It also confines us

because it places limits on what we can and cannot do.

We cannot claim Christ and deny equality.

We cannot claim Christ and oppress the poor for profit.

We cannot claim Christ and remain silent against the isms—

racism, sexism, classism, and anti-Semitism.

We cannot claim Christ and give in to homophobia or islamophobia.

We cannot claim Christ and deny our nation’s sins.

We cannot claim Christ and let the kingdoms of the world define us.

 

In the Hunger Games trilogy, a young woman,

confused by trauma to her body and mind,

repeats a litany of what she knows to be true:

My name is Katniss Everdeen.

I am seventeen years old.

My home is District Twelve.

There is no District Twelve.

 

I have decided that when I’m afraid, I will do the same.

My name is Cindy Maddox.

I am fifty-two years old.

I belong to Christ.

I will not define myself by others.

I will not give in to hate.

I will not give in to fear.

I will speak my truth even if my voice shakes.

It worked for Katniss Everdeen.

Maybe it will work for me, for you.

Repeat what you know to be true and go from there.

And when you do not know,

when you cannot tell illusion from reality,

when truth wears camouflage and lies masquerade,

take another lesson from The Hunger Games.

Ask those you trust: real or not real?

I want to try that one, too, and so I ask you.

You believe in God. Real or not real?

You belong to Christ. Real or not real?

You believe in justice. Real or not real?

You believe in equality. Real or not real?

You believe in people over profit. Real or not real?

You believe in protecting the vulnerable. Real or not real?

You believe in love. Real or not real?

You believe in love. Real or not real?

You believe in love. Real or not real?

This is where we start.

Regardless of how we voted, this we have in common.

We will have the same mind: a mind of love.

This is where we start.

 

1] Waters, James. http://www.aplainaccount.org/epiphany-3a-2nd-reading

[2] Shore, Mary Hinkle. “Commentary on 1 Corinthians 1:10-18.” workingpreacher.org.

[3] Waters.

 

Stopping Traffic

 

Cemetery

To the middle aged woman who gestured angrily and yelled as we passed…

To the thirty-something man in the power suit who honked and forced his black SUV through our line…

To the person who tried to pass us and then moved his car into our lane to block our progress…

Perhaps you don’t know. Perhaps you didn’t recognize the hearse and the flapping flags on the first few cars. Perhaps you didn’t notice that we all had our lights on and our hazards flashing. Perhaps your mama never taught you to show respect to the dead by showing kindness to the grieving.

You couldn’t know, of course, that the woman inside the hearse was only twenty years old. You couldn’t know that she leaves behind parents and siblings and a young husband and a one-year-old baby girl. You couldn’t know anything about the person in that hearse or the many people who followed. But you still could have stopped. You could have waited. You could have recognized that someone else’s pain was greater than your need to get to lunch.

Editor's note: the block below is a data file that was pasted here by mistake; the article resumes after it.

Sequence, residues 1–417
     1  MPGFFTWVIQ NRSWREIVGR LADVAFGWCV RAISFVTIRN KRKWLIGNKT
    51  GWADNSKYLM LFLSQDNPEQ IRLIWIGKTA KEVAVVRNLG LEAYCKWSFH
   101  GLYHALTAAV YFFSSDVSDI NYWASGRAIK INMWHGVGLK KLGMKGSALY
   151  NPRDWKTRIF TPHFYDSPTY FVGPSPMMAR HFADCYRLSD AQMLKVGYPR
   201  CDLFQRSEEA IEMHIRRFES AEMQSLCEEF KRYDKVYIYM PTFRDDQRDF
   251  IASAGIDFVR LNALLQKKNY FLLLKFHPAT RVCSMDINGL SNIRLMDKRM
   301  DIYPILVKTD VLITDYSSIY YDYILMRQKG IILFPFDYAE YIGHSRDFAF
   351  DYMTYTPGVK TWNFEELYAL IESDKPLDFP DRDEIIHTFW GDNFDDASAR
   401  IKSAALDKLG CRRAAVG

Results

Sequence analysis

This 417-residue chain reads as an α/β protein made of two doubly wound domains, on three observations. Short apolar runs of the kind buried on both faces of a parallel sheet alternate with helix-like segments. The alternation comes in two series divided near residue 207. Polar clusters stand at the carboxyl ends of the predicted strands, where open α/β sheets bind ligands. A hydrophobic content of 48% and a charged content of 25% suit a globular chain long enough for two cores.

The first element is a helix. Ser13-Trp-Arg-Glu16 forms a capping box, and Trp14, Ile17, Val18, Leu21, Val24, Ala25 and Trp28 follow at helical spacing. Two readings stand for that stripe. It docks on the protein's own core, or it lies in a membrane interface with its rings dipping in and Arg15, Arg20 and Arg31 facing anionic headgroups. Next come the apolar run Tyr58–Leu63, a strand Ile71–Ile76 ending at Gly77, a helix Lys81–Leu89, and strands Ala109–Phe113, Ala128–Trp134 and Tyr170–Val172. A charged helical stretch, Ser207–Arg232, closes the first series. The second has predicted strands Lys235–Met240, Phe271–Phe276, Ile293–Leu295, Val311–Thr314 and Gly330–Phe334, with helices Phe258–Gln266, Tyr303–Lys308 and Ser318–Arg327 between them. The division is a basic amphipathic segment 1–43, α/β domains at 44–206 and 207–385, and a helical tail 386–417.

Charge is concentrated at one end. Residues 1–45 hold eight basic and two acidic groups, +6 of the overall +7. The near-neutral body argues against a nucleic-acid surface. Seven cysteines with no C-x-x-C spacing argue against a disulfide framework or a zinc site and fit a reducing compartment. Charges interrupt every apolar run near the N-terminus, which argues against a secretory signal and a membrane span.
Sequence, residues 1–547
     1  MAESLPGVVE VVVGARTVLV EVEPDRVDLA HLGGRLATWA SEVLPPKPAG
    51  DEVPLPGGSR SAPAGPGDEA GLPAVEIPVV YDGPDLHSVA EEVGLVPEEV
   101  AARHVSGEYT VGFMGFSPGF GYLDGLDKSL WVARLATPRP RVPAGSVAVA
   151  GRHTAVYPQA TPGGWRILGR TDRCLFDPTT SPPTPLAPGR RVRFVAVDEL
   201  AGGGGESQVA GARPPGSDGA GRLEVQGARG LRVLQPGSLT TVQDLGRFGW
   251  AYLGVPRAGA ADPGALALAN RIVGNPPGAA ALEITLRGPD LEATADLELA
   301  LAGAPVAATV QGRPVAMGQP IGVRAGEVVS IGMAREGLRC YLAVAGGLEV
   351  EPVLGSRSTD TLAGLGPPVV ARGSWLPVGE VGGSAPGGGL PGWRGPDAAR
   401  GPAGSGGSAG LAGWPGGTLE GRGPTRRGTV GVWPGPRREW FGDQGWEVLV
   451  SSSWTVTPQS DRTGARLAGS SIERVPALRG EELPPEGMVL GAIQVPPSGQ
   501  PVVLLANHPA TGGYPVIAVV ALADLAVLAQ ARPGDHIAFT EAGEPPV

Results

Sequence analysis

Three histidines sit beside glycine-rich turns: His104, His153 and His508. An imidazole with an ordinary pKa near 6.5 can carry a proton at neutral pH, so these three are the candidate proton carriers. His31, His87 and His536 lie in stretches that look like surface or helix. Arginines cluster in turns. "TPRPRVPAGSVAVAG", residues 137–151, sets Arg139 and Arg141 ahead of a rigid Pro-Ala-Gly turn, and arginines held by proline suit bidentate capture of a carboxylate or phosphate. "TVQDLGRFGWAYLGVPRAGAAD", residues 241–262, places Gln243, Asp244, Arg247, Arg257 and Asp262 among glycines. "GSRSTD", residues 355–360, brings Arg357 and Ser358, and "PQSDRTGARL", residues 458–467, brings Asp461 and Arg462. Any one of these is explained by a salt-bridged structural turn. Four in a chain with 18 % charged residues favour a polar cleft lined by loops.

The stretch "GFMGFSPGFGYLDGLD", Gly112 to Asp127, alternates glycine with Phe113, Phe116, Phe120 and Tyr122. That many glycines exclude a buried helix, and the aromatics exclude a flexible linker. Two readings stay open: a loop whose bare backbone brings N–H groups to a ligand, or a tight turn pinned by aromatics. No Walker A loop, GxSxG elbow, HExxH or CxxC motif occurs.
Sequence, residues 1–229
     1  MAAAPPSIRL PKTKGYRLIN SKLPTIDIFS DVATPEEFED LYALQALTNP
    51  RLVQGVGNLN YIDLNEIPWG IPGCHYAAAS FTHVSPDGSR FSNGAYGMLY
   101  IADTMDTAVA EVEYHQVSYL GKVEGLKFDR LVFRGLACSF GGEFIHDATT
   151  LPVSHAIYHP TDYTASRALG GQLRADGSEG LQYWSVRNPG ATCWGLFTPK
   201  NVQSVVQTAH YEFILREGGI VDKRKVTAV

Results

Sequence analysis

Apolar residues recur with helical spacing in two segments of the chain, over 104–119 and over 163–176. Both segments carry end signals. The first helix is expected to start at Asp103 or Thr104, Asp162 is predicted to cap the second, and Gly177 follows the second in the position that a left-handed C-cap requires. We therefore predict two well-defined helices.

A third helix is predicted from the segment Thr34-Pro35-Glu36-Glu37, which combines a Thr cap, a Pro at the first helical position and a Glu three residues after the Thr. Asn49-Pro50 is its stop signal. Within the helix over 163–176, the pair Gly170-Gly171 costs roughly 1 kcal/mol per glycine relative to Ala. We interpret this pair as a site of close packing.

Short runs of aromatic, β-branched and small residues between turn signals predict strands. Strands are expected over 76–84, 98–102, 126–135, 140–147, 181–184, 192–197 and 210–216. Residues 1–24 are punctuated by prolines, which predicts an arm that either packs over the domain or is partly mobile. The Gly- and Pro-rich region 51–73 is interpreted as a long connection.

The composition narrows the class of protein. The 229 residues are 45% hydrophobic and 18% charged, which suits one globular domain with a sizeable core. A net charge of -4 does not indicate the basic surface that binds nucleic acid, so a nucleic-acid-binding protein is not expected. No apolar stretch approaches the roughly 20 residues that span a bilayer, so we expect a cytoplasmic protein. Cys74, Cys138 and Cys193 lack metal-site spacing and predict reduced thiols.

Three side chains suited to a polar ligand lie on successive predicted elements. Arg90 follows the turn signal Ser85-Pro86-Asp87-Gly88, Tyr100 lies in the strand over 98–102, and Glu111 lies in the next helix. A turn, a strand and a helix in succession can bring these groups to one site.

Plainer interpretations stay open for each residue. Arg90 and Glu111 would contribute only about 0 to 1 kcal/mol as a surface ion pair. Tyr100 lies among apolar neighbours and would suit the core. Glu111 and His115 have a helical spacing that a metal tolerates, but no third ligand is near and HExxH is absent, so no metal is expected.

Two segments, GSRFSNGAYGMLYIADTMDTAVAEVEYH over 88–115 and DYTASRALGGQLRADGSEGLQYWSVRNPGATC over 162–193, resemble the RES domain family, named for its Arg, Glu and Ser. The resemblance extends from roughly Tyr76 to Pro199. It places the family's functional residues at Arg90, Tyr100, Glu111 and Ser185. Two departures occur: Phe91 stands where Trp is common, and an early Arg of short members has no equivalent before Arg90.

Her parents saw you—you were just the first of many who will be impatient with their grief. Her younger siblings saw you—breaking the chain of cars that separated them from their sister’s body and their parents’ arms. You see, a funeral procession is not about getting to the cemetery at the same time. A funeral procession is a chain of connection, a visible sign of the invisible bond of grief. To the grieving, it is inconceivable that the world keeps going when their world stopped. They cannot understand how the rest of the world keeps spinning, not aware that it has lost something precious, when their world will never be the same. They will go through the coming weeks and months and maybe years with a hole in their gut that will be virtually invisible to everyone who passes. But for this day, this moment, they are seen. And if their grief doesn’t stop the world, at least it should stop traffic.

As a pastor, it is my job—and my honor, my blessing, and my burden—to sit with families in the midst of their pain, to hold their hands, to try to bring them comfort when the unthinkable has happened. I listen to their stories. I help them plan a service that honors their loved one. I help them choose a scripture for the service, whether they know many by heart, or know only that their loved one believed, or know only that they want something religious just in case. We create a bubble, or maybe a cocoon—a safe space where they can remember and cry and laugh and sit together in grief and anger and know that whatever they’re feeling is OK. It is heart-breaking to sit in those front pews, and it is gut-wrenching to watch those who sit in the front pews. But we are in it togetherthis thing called life, this thing called grief, this thing called love. And then we move from that space, together, for one last difficult act after so many others—one that nobody ever wants to imagine but always fears—to see our loved one’s remains laid in the earth. So we follow the car in front of us, knowing that we are still in it together, still bound by our shared grief even as we go out into this busy, impatient, insensitive world.